Youth Month 2021: Dr Thulani Andrew Chauke

Youth Month 2021: Dr Thulani Andrew Chauke

June is Youth Month, and this year the NRF is celebrating the Youth of the NRF who are Advancing Knowledge, Transforming Lives and Inspiring a Nation. We thank all participants for sharing their stories with us and we hope that you are inspired by the young dreamers and achievers who are affiliated with the NRF through their work or studies.

Dr Thulani Andrew Chauke completed his Doctorate in Education, specialising in Youth Development, at the Tshwane University of Technology (TUT) this year.  Currently, he’s working as the National Youth Service Provincial Coordinator for National Youth Development Agency in the Western Cape Province.

Dr Chauke was a recipient of NRF funding (2016-2017) for his Master’s in Youth Development, focused on media and youth deviant behaviour, which he obtained cum laude. He received funding from the NRF for conferences where he presented papers at the 5th SAERA Conference in 2017, hosted by Nelson Mandela University, under the theme of Education In An Era Of Decolonisation And Transformation. Also at the XXVIII International Population Conference in 2017, hosted by Statistics South Africa, under the theme of Children And Youth.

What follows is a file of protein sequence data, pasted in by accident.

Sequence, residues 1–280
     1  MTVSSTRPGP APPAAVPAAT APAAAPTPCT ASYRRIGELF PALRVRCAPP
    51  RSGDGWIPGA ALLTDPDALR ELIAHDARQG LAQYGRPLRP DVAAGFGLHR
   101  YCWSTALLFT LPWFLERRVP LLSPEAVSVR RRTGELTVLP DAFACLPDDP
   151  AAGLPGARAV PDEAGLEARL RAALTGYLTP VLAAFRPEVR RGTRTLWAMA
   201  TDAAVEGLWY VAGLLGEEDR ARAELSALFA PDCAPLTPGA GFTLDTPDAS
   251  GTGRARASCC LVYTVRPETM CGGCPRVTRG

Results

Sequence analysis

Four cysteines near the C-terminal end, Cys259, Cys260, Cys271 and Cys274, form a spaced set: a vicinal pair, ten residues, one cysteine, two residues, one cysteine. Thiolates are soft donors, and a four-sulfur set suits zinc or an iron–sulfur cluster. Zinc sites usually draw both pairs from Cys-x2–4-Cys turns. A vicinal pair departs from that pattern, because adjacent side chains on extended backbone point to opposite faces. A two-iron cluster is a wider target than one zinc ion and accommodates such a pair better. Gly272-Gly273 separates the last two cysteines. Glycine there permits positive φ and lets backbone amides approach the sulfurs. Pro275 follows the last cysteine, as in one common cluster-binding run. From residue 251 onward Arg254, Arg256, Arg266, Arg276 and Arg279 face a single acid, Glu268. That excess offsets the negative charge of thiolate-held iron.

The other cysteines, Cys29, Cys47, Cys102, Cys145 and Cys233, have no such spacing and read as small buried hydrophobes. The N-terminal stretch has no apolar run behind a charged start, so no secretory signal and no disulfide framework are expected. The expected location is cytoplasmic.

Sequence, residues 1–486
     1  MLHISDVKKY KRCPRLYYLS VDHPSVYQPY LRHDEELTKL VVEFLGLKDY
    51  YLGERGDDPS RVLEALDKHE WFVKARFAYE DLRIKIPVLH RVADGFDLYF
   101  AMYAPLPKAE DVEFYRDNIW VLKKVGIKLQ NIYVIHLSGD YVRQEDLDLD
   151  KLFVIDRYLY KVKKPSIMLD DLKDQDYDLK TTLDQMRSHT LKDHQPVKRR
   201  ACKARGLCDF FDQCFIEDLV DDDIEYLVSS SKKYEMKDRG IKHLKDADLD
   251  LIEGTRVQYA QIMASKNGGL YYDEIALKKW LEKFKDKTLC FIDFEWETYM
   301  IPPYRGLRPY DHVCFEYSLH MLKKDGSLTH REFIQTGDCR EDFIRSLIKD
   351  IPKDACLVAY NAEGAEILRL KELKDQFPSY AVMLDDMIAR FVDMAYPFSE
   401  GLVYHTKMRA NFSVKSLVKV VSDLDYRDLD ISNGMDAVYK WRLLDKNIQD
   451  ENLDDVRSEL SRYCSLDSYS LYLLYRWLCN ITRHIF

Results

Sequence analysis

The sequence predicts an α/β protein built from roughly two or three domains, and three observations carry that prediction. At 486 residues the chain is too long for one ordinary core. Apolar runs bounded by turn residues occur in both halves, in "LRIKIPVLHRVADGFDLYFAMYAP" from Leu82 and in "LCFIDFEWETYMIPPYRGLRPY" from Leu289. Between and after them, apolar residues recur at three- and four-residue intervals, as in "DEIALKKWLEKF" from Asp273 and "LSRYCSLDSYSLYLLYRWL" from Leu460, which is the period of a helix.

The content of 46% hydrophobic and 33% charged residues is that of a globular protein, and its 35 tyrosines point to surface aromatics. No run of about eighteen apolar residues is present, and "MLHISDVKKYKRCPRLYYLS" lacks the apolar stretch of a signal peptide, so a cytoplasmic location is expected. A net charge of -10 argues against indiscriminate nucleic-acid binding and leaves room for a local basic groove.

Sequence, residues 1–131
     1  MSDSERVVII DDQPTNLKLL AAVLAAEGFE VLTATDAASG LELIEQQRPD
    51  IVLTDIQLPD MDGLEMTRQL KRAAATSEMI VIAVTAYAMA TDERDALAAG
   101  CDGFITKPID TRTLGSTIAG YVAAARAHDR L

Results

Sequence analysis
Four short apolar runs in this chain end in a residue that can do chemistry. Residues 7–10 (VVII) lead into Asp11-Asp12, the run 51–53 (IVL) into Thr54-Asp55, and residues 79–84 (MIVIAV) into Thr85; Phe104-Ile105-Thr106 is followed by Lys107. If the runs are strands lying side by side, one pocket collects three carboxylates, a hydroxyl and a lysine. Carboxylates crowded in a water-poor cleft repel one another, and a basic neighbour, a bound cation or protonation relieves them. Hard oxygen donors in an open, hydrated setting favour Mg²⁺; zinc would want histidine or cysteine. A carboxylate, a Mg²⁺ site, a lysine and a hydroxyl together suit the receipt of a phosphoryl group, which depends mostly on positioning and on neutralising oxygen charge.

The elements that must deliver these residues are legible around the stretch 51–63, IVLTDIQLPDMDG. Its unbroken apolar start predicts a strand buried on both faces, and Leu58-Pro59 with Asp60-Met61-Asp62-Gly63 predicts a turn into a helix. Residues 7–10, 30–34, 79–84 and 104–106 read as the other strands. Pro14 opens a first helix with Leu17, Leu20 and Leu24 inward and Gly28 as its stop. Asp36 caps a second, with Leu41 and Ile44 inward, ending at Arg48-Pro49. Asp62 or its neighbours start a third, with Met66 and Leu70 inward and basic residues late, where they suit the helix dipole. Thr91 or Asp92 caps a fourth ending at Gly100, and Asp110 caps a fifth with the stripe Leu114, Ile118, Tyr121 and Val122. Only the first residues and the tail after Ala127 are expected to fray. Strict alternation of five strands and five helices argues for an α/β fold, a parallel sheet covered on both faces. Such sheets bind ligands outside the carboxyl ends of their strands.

He was awarded an NRF scholarship for his doctorate studies but, unfortunately, wasn’t able to take up the scholarship at the time.

This is his story…

I am a youth development practitioner by profession. I was born in a small village called Madonsi Village in Limpopo.  I started my higher education at the University of Venda (Univen) and completed my Bachelor of Arts degree in Youth Development four-year programme, majoring in Psychology.  In 2015, I completed my BAYID and, in 2018, I graduated with a Master’s in Youth Development with distinction from the Univen. In 2019, I continued with my PhD at TUT, which was completed in 2021.

My interest in youth development was influenced by my early involvement in student politics and the challenges that young people faced at the institutions of higher learning. I served in student leadership positions culminating with my election onto the Student Representative Council of the University of the Venda in 2013/2014 as a Project Officer at the School of Human and Social Science and Chairperson of Black Management Forum (Student Chapter) in 2014/2015. This community involvement inspired my commitment to the transformation of young people’s lives in South Africa.